option strike price thus allowing investors to intuitively grasp the 
option's value, i.e., option is in the money, at the money or out of 
the money. The Exchange believes that by not changing anything but the 
multiplier and the option symbol, as discussed above, retail investors 
will be able to grasp the distinction between regular option contracts 
and Mini Options. The Exchange notes that The Options Clearing 
Corporation (``the OCC'') Symbology is structured for contracts that 
have a deliverable of other than 100 shares to be designated with a 
numeric added to the standard trading symbol. Further, the Exchange 
believes that the contract characteristics of Mini Options are 
consistent with the terms of the Options Disclosure Document.
    With regard to the impact of this proposal on system capacity, the 
Exchange has analyzed its capacity and represents that it and the 
Options Price Reporting Authority (``OPRA'') have the necessary systems 
capacity to handle the potential additional traffic associated with the 
listing and trading of Mini Options. The Exchange has further discussed 
the proposed listing and trading of Mini Options with the OCC, which 
has represented that it is able to accommodate the proposal. In 
addition, the Exchange would file a proposed rule change to adopt 
transaction fees specific to Mini Options for listing and trading Mini 
Options. The current options pricing in Chapter XV would not apply to 
Mini Options.
    The Exchange is also proposing to amend Chapter III, Section 7 
(Position Limits) to add parentheses to certain subsections for 
consistency with other NASDAQ Rules. These filings are [sic] similar to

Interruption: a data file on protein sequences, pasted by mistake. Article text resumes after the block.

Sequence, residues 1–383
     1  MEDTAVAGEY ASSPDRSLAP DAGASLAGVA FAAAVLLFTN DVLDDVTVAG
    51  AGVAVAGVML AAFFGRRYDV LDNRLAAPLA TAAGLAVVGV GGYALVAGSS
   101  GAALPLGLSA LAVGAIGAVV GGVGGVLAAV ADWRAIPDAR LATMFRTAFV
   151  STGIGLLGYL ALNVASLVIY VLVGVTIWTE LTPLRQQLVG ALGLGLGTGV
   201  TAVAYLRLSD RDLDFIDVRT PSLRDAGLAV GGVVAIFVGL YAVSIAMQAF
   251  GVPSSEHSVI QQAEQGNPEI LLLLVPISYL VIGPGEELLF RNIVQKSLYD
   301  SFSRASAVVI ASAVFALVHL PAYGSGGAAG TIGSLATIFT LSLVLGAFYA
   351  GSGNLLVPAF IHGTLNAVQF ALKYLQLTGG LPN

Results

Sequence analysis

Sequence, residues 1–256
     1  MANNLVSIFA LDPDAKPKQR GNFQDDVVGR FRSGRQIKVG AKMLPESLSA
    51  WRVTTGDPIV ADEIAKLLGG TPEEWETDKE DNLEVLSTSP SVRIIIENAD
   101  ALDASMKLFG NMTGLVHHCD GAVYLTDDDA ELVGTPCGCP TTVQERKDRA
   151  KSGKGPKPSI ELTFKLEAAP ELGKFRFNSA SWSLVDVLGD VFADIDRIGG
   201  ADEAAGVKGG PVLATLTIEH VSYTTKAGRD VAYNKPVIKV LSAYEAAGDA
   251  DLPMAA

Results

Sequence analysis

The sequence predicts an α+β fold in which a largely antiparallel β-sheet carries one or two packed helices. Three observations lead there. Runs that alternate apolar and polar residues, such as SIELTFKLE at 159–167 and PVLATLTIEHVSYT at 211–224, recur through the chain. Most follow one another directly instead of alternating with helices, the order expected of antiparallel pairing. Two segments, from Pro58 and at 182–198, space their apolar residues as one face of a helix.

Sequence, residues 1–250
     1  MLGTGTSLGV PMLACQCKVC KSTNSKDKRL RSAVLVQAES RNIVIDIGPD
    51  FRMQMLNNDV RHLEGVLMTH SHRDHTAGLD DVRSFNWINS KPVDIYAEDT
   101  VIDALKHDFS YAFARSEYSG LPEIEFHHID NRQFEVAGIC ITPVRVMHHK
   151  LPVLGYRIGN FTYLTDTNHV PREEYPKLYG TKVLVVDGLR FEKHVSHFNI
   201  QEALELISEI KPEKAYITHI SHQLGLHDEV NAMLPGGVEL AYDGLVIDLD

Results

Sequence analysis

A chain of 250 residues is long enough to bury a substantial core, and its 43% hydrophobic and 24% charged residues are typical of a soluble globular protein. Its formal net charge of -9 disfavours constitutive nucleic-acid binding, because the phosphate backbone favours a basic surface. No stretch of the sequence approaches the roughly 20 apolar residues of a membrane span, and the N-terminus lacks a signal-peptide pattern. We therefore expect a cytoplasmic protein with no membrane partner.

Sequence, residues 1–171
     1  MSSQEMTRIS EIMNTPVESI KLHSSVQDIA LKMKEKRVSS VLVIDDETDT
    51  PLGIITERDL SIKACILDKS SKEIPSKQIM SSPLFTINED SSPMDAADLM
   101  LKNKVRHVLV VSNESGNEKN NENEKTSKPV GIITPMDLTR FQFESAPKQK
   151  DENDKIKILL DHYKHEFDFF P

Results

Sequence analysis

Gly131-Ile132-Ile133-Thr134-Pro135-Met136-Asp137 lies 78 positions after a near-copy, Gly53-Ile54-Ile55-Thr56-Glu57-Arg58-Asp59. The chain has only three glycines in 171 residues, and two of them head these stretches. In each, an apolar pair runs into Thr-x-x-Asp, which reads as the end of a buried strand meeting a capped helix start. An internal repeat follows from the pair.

filings by NYSE Arca, Inc. (``NYSE Arca'') and the International 
Securities Exchange LLC (``ISE'') to list and trade options contracts 
overlying 10 shares of certain securities.\10\
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    \10\ See Securities Exchange Act Release No. 67948 (September 
28, 2012), 77 FR 60735 (October 4, 2012) (SR-NYSEArca-2012-64) (SR-
ISE-2012-58). NYSE Arca and ISE received approval to list and trade 
options contracts overlying 10 shares of certain securities.
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2. Statutory Basis
    The Exchange believes that the proposed rule change is consistent 
with the provisions of Section 6 of [sic] Act,\11\ in general, and with 
Section 6(b)(5) of the Exchange Act,\12\ in particular, in that the 
proposal is designed to prevent fraudulent and manipulative acts and 
practices, to promote just and equitable principles of trade, to remove 
impediments to and perfect the mechanism of a free and open market and 
a national market system and, in general, to protect investors and the 
public interest.
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    \11\ 15 U.S.C. 78f.
    \12\ 15 U.S.C. 78f(b)(5).
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    The Exchange believes that investors would benefit from the